Publix GreenWise Market Magazine - Summer 2012
Have You Tried...Caribbean Red Papaya?
|Caribbean Red Papaya|
An Olive Oil for Every Occasion
- Grown in Belize, this large papaya is prized for its salmon-color flesh, sweet aroma and melonlike flavor.
- A 5-ounce serving contains 60 calories, 2.4 grams of fiber and loads of the antioxidant vitamins A (31% DV) and C (144% DV).
- You'll know this fruit is ripe when more than half of its skin has turned bright yellow.
- Don't throw out the black peppery seeds. Grind them up to give a flavor spike to homemade salad dressings.
- Prepare the papaya by cutting it in half, scooping out the seeds and peeling away the skin.
- Showcase the exotic flavor of sliced Caribbean red papaya in salads, fruit platters, chutneys and salsas.
Heart-friendly fats make this Mediterranean star a great addition to many dishes. But those pretty bottles of gold and emerald on store shelves can leave you scratching your head. How do you know which type is best for a particular recipe -- or how much you need to spend?
EXTRA VIRGIN OLIVE OIL
Best flavor and the most expensive; made without the use of chemicals or heat and contains more antioxidants than lower grades.
Best Culinary Uses: Excellent as a condiment or drizzled over salads, vegetables, pasta and fish. Not the best choice for frying as its flavor and aroma are destroyed by high heat.
VIRGIN OLIVE OIL
Produced similarly to extra virgin olive oil but with slightly less flavorful oil. It is also less expensive.
Best Culinary Uses: A good choice for cooking or sautéing foods such as vegetables and meats.
This grade is a combination of extra virgin olive oil and refined oil, produced by filtering lower-grade olive oil. The least flavorful but also lowest priced.
Best Culinary Uses: Best for cooking foods that don't rely on olive oil flavor.
Add hearty, healthful flavor to all your dishes. Publix Extra Virgin Olive Oil, like all Publix brand products, is equal to, or better than, national brands—the only difference is it costs less.
|Pressed for Time?|
If you still think of the pressure cooker as that scary contraption your grandmother used for water-bath canning, you're in for a welcome surprise. Pressure cookers have enjoyed a modern makeover, making them safer and easier to use but just as quick as the models of old. Simply pop food into the cooker, add the required liquid, lock the lid and cut your cooking time up to 70 percent.
The secret is steam, which is trapped in the pot, building up pressure and increasing the temperature. This pumped-up cooking method is ideal for dried beans and peas, which normally require an overnight soak and then one to two hours of cooking. A pressure cooker can help you bring unsoaked dried beans to the table in less than 40 minutes.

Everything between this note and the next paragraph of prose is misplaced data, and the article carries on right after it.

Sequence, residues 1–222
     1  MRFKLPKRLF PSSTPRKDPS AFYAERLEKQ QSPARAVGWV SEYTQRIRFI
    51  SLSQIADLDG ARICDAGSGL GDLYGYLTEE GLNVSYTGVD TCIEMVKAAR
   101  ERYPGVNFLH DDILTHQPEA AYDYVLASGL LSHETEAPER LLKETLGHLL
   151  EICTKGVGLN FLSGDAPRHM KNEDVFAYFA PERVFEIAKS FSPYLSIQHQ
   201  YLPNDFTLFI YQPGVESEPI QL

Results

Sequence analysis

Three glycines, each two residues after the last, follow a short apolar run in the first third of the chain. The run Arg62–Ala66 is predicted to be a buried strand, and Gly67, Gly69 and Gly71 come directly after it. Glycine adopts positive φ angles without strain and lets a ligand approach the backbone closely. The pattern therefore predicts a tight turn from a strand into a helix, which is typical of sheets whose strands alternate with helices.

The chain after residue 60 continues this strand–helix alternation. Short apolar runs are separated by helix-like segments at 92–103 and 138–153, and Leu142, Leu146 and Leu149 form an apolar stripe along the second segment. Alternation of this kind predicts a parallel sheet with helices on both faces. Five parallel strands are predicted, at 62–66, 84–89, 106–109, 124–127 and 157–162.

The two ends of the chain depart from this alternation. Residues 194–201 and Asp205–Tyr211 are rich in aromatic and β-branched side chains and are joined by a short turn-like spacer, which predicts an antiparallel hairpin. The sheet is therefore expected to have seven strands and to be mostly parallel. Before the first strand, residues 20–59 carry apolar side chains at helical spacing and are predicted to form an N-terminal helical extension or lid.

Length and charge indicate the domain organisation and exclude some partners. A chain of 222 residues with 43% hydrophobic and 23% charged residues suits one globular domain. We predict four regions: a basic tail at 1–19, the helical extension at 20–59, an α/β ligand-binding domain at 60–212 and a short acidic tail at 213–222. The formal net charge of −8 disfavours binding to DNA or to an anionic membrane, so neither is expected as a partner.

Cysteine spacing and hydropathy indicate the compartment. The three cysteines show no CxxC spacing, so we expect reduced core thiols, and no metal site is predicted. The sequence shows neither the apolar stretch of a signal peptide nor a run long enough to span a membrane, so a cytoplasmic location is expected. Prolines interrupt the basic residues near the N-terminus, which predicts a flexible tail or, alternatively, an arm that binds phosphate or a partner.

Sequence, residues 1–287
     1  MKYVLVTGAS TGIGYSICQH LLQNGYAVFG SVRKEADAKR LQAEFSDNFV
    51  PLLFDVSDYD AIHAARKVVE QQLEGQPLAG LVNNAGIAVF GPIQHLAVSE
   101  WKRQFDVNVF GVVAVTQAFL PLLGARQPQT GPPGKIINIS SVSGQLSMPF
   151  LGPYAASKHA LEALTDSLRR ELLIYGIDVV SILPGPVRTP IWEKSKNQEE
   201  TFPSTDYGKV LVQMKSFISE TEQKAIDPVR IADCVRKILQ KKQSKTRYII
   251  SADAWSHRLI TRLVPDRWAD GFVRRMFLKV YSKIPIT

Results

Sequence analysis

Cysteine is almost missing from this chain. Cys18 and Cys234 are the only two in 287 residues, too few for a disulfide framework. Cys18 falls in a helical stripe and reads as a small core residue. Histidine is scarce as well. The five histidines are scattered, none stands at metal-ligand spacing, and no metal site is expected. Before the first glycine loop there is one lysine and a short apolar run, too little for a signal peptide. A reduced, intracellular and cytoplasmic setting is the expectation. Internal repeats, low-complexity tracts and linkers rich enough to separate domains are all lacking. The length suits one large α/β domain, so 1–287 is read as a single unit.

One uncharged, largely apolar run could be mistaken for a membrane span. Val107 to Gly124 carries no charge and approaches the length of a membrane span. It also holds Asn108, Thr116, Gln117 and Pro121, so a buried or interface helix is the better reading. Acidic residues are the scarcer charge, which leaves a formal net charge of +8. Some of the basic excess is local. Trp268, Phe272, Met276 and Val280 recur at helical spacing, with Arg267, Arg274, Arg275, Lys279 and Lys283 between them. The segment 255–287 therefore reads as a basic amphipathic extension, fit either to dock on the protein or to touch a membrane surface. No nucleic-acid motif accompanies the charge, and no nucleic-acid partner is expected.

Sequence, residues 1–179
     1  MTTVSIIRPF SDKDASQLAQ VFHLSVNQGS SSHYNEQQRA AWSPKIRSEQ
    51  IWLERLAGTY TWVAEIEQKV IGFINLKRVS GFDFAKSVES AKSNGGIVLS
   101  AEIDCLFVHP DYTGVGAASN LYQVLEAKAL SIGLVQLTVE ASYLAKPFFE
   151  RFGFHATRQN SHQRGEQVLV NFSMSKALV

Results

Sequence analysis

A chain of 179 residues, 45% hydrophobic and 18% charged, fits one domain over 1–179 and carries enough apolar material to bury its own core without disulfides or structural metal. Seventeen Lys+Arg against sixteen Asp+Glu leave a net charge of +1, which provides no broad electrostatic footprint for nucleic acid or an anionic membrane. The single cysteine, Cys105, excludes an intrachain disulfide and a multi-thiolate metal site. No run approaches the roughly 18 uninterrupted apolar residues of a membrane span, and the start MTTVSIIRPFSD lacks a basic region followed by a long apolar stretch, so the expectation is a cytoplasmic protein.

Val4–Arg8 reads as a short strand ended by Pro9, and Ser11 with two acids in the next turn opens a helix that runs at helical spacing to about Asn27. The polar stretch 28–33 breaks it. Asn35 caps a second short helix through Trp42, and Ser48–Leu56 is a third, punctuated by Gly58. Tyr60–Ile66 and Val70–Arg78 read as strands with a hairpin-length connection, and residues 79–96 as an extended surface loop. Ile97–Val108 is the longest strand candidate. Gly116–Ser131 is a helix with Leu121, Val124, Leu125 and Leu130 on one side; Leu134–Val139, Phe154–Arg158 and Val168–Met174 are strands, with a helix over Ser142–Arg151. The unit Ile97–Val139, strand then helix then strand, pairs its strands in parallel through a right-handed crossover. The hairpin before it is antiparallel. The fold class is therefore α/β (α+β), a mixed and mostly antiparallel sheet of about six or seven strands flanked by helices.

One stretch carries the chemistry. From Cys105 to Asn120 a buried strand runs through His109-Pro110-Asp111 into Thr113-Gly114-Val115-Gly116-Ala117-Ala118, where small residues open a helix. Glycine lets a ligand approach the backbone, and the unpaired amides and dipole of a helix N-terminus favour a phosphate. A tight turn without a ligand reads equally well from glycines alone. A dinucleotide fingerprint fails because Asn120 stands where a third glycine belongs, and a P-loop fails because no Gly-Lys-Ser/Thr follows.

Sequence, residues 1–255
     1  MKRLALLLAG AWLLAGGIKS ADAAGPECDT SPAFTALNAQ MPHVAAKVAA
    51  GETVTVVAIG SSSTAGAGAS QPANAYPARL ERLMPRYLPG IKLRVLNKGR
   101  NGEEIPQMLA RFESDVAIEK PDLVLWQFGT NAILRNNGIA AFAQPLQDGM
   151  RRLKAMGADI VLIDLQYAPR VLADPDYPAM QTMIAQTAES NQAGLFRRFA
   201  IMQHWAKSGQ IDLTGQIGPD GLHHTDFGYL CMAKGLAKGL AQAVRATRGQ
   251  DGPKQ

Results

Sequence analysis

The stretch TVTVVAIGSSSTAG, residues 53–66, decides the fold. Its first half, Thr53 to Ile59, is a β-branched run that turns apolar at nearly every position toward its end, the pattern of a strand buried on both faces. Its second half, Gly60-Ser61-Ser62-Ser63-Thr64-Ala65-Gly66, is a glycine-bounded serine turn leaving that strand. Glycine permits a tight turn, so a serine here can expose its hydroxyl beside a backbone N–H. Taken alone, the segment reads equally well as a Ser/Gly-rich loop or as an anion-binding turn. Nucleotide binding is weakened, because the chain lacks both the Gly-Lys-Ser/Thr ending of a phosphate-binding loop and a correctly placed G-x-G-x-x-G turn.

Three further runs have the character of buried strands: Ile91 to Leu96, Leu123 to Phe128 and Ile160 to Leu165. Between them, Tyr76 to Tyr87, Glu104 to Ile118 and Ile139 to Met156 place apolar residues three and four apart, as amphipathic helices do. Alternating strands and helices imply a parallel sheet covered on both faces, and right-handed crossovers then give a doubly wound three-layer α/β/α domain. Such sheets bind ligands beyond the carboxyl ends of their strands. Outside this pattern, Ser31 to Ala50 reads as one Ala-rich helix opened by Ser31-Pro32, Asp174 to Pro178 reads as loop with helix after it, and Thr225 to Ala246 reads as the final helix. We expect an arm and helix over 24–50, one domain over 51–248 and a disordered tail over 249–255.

|Graze More, Weigh Less?|
It might be time to rethink the old adage about eating "three squares a day." An intriguing new study suggests that consuming smaller meals more frequently may help you control your weight. Researchers examined the dietary habits of more than 2,300 nine- and ten-year-old girls and followed them over a 10-year period. The girls who ate less frequently gained the most weight and inches. Researchers aren't ready to say that grazing is the key to weight control, but these results may calm parental fears that it automatically leads to weight gain. Just remember to choose healthy, nutrient-rich foods to make the most of those extra meals.
—The American Journal of Clinical Nutrition, January 4, 2012
Many parents stash carrots or cauliflower in foods like meatloaf and spaghetti sauce in order to boost the number of vegetable servings in the family diet. Now this strategy is getting some backing from researchers.
A recent study found that preschoolers couldn't tell the difference when dishes incorporated pureed vegetables, and they ended up consuming more vegetables and fewer calories for the day as a result. Hiding veggies such as blended carrots, tomato juice and grated zucchini in your soups, lasagna and quick breads ups beneficial fiber, vitamins and minerals for picky grown-ups too.
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Behind Those Heart-Smart Spreads
Our early ancestors probably consumed plenty of plant sterols—cholesterol-like compounds found in vegetable oil, nuts, legumes, whole grains, fruits and vegetables. Plant sterols can block the absorption of cholesterol in your body, which lowers cholesterol levels and cuts your risk of heart disease. But because natural sources provide only small amounts of sterols, these compounds now are being added to some foods, such as Benecol margarine spread. Studies show that including 2 grams of plant sterols per day—that's about 4 tablespoons of enriched spread can lower cholesterol levels by 9 to 14 percent. Now that's good news worth spreading!